Not much has happened on my send-DirecTV-to-the-dumper quest since my last post in May (!). Except that the old Hughes standard-def Tivo-based DirecTV DVR that Ms. SmallNetBuilder has been using in her downstairs ultra-lounge finally died.
The hard drives had been sounding increasingly noisy of late and I had warned my lovely spouse that her downstairs DirecTV days were numbered. So I wasn't surprised when she appeared in my office doorway earlier this week with the news that it finally died.
Of course I tried giving the old girl (the DVR, not my sweetie) a few whacks in case the problem was just a stuck hard drive. But it turned out that the power supply had given up the ghost (yes, I checked the soldered-on-board fuse).
Ms. SNB has taken to using Netflix' Watch Instantly via our Roku HD box, which is still, by far the best platform I've used for accessing Netflix WI. But since the Roku is embedded in our main upstairs AV center, I pulled out a WD TV Live Plus and set it up in her downstairs lair for her viewing enjoyment.
So far, though, she ain't likin' it much, mainly because she's still mourning the loss of all her favorite shows stuck on the dead DVR's drives. Instead, I caught her the other day using our iPad to watch a show via HuluPlus.
I think her choice was more a reflection of the content available via HuluPlus vs. any dislike for the WD TV Live Plus, since she chose watching on the iPad's smaller screen vs. her larger LCD set. Which brings me to the main point of this post.
There have been way too many articles, posts or whatever you want to call things people write these days about the battle for our hearts, minds and, eventually, wallets that is really starting to heat up.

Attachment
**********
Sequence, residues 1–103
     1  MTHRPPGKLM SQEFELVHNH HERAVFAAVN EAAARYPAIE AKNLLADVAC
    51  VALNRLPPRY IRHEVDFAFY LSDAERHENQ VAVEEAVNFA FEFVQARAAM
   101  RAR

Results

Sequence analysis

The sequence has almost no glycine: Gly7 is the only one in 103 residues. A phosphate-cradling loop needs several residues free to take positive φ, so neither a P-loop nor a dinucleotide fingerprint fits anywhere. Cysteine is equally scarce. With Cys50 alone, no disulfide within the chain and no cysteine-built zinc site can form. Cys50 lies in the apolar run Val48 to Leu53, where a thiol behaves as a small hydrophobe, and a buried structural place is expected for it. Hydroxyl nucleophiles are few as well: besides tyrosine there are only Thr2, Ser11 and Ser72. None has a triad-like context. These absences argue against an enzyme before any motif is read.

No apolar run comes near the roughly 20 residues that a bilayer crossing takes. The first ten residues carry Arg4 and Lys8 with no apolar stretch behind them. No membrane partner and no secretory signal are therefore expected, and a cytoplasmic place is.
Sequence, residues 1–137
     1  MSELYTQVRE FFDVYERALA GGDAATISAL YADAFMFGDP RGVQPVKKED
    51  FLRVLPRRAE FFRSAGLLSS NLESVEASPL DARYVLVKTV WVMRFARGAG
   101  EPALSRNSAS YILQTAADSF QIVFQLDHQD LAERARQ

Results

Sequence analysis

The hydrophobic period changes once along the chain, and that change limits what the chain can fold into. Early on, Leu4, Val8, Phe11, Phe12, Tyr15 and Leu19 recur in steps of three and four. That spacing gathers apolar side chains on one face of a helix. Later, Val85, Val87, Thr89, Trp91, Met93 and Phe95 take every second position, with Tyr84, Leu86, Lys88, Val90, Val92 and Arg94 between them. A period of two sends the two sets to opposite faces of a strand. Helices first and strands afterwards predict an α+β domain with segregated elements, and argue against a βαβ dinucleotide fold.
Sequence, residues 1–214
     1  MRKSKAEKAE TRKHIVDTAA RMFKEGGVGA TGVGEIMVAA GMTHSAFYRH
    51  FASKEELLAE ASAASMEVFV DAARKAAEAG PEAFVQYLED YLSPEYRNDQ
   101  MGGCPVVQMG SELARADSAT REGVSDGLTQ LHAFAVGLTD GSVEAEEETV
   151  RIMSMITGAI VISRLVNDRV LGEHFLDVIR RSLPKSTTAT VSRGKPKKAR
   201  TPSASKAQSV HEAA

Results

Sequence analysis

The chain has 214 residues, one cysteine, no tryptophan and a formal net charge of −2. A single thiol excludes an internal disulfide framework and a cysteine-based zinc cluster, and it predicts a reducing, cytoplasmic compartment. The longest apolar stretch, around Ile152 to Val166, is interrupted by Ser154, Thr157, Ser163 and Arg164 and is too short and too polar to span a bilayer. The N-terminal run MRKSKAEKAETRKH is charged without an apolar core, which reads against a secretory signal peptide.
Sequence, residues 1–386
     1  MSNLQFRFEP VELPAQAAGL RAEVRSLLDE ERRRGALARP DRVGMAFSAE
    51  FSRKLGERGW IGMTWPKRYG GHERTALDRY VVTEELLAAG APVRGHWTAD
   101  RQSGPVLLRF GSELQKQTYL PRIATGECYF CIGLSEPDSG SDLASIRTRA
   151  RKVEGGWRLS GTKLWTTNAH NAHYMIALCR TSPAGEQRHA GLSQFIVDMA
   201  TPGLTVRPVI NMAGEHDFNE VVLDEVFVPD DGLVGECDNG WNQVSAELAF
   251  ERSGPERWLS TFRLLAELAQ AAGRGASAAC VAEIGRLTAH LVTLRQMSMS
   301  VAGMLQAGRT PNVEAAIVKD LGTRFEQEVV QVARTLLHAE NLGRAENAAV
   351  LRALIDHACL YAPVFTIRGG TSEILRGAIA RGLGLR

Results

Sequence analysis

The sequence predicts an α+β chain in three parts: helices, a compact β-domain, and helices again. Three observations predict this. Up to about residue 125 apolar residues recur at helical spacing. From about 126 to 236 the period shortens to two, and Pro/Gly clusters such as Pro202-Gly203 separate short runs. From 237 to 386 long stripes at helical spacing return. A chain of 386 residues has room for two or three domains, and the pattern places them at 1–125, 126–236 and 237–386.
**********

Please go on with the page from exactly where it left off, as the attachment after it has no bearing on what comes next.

The marketers are out in force, stoking the fanboy flames, all trying to dangle shiny new boxes and apps in front of us to convince us that their box / app / doohickey will give us the most wonderful entertainment experience, all courtesy of the Internet.
I haven't been at the get-your-content-from-the-Internet game that long. But my gut (and business experience) tell me that all the bull-puckey that is being slung is making many of us focus on the wrong thing.
The tech wizards can eventually get the bits assembled correctly and make it all nice and pretty and even fun to use. But without the cooperation of the folks who create and own the stuff we want to watch, all those boxes and apps won't be used much after people find out all the stuff they can't still legally get.
The movie and TV industry will be damned if they're going to let what happened to the music industry happen to them. And, so far, they've succeeded surprisingly well. Sure, there are those who get (mostly) whatever they want to watch from the torrents. But their numbers are small compared to the folks who are tied to the cable and satellite providers and faithfully pay their monthly pound of flesh.
I remain hopeful that I'll be able to get the entertainment part of my monthly budget trimmed to a more reasonable level sometime soon. I certainly don't expect it to drop to zero because quality content takes money to produce and the producers certainly should get paid.
But this isn't a tech-based problem and the solution won't be either. All we can hope for is that someone out there who doesn't work for the studios is a damn good negotiator, has a big ol' pile of money, or both. And some dirty pictures of the right person won't hurt, either.